Despite precautions being taken to limit sample contamination effects during MP separation and analysis, transparent (non-coloured) fibres had to be excluded from the analysis due to their potential to be incorporated as contaminants during filtration, separation and analysis. Fibre concentrations presented are likely to therefore be conservative, additionally as smaller particles less than ca. 50 μm were unlikely to be resolved at the optical magnifications used to identify MPs. A number of previous studies have not recorded the implementation of precautionary measures to limit background fibre contamination. The control data recorded here, given the ubiquity of plastic fibres in particular in ventilation systems, indicate a need to quantify background contamination in all studies and to operate cautious sample handling in clean laboratory facilities when analysing environmental media which are likely to contain very low MP concentrations.

Previous experimental studies have shown microplankton ingestion of MP fibres6, beads5, and nanoplastic (<1 μm) particles7, and the current study indicates that further studies are required on the biological impacts of MPs accumulated in the surface microlayer of estuarine systems. Many laboratory studies of MP ingestion by organisms use concentrations that are far from being environmentally relevant – often millions of particles per litre – many orders of magnitude higher than found in this, and comparable, studies5,26. Experiments should therefore adjust their MP concentrations to derive more representative interpretations of the likely impacts on organisms.

Sampling and analytical methods

The Hamble and Beaulieu estuaries were selected for study as they show broadly similar size and mixing characteristics, but contrasting degrees of development. Both estuaries are partially-mixed systems with flushing times of a few days. The Hamble estuary is a more developed estuary with significant local recreational boating and marina activity, is a designated eutrophic system, and is part of the urbanised and industrialised wider Southampton Water estuarine system. The Beaulieu estuary in contrast lies in the New Forest National Park, an area of predominantly open heath and bog with little agriculture and very few urban areas. Sampling sites within each estuary were chosen primarily for their sheltered locations and ease of shoreline access. All sites are significantly below the main estuarine mixing zone in each estuarine system, and show near fully marine salinities. Site 1, located 3.5 km upstream from the mouth of the Hamble river on the western bank directly opposite a large marina, was sampled on both sampling days (Table 3), with the first day primarily used to test and refine the glass plate sampling method, but also to give preliminary data on temporal variability in MPs concentrations and characteristics. Sampling was performed immediately in front of the slipway access to the waterfront area. Sampling site 2, two kilometres downstream from site 1 on the Hamble, was located 30 metres north of the Hamble-Warsash Ferry access boardwalk on the eastern side. The third site was located on the Beaulieu river, directly off the Southampton Yacht Club slipway on the outside western bank of a meander, two kilometres upstream from the main Solent channel. Sites 2 and 3 were accessed only on the second sampling day. Sampling was performed on 21/06/17 and 29/06/07 at the incoming face of the flooding tide in shallow water (<0.4 m depth) less than two metres from the shoreline, where the accumulation effect of resuspending MPs from the low tide line is hypothetically greatest. Samples were collected during calm conditions, in periods when boat traffic was absent, to ensure that the SML was relatively undisturbed.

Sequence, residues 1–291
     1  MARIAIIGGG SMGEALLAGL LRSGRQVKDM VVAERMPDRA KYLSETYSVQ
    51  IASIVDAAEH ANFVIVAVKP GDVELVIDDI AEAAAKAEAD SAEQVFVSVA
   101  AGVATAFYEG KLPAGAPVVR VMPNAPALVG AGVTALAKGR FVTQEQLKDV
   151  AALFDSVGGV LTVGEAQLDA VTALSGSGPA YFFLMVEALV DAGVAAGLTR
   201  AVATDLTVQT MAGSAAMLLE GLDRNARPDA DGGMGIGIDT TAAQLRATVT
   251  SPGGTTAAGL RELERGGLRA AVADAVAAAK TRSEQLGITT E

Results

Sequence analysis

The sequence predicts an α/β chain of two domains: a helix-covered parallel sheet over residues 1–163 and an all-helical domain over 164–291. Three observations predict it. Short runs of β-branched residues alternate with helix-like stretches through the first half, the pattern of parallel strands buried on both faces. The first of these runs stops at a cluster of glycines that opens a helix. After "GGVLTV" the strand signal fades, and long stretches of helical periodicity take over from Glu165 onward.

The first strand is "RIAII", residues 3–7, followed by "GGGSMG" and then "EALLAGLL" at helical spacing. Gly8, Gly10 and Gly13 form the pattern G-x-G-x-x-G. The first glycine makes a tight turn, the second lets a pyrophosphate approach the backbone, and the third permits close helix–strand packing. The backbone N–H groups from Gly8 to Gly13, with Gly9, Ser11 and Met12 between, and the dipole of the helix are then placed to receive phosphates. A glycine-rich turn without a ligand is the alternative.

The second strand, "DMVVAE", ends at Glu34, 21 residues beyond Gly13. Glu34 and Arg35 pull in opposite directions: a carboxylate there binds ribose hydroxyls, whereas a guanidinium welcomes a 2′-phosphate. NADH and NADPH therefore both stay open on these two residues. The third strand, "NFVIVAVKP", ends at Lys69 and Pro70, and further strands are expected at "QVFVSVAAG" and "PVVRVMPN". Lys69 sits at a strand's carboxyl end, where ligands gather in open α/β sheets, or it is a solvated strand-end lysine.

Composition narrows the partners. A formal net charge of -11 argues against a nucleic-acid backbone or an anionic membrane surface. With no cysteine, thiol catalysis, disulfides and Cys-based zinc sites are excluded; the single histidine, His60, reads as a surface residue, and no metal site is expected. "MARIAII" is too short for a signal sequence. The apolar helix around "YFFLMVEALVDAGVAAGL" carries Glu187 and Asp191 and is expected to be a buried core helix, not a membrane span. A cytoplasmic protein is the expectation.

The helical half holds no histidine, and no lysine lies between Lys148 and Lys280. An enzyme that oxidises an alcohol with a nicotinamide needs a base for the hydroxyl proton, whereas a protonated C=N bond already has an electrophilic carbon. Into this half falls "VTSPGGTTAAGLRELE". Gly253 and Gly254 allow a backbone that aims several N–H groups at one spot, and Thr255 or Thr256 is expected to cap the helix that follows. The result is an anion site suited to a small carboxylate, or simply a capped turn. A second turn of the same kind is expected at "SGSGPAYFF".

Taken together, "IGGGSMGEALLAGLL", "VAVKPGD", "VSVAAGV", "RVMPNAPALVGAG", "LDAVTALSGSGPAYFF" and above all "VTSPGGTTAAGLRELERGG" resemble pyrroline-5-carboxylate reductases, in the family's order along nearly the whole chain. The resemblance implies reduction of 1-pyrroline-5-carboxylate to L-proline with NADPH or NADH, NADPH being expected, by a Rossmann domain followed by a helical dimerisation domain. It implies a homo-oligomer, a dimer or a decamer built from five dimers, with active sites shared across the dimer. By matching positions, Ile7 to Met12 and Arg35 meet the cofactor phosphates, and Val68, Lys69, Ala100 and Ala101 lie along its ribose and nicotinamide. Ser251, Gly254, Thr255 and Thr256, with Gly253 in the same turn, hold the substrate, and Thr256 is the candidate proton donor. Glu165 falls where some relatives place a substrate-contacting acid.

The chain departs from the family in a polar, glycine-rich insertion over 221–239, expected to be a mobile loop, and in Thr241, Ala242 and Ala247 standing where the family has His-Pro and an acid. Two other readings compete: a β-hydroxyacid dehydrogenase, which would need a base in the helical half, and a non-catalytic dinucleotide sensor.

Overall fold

Table 3 Sampling locations and times (in relation to low and high water), 21/06/17 and 29/06/17.

Four different sampling techniques were used to determine variations in MP concentrations within the upper 5 cm of surface water at potential shoreline MP accumulation zones (in areas protected from direct wave action). The SML was sampled using a stainless‐steel sieve and a glass plate, while surface skim and bulk water samples were also taken.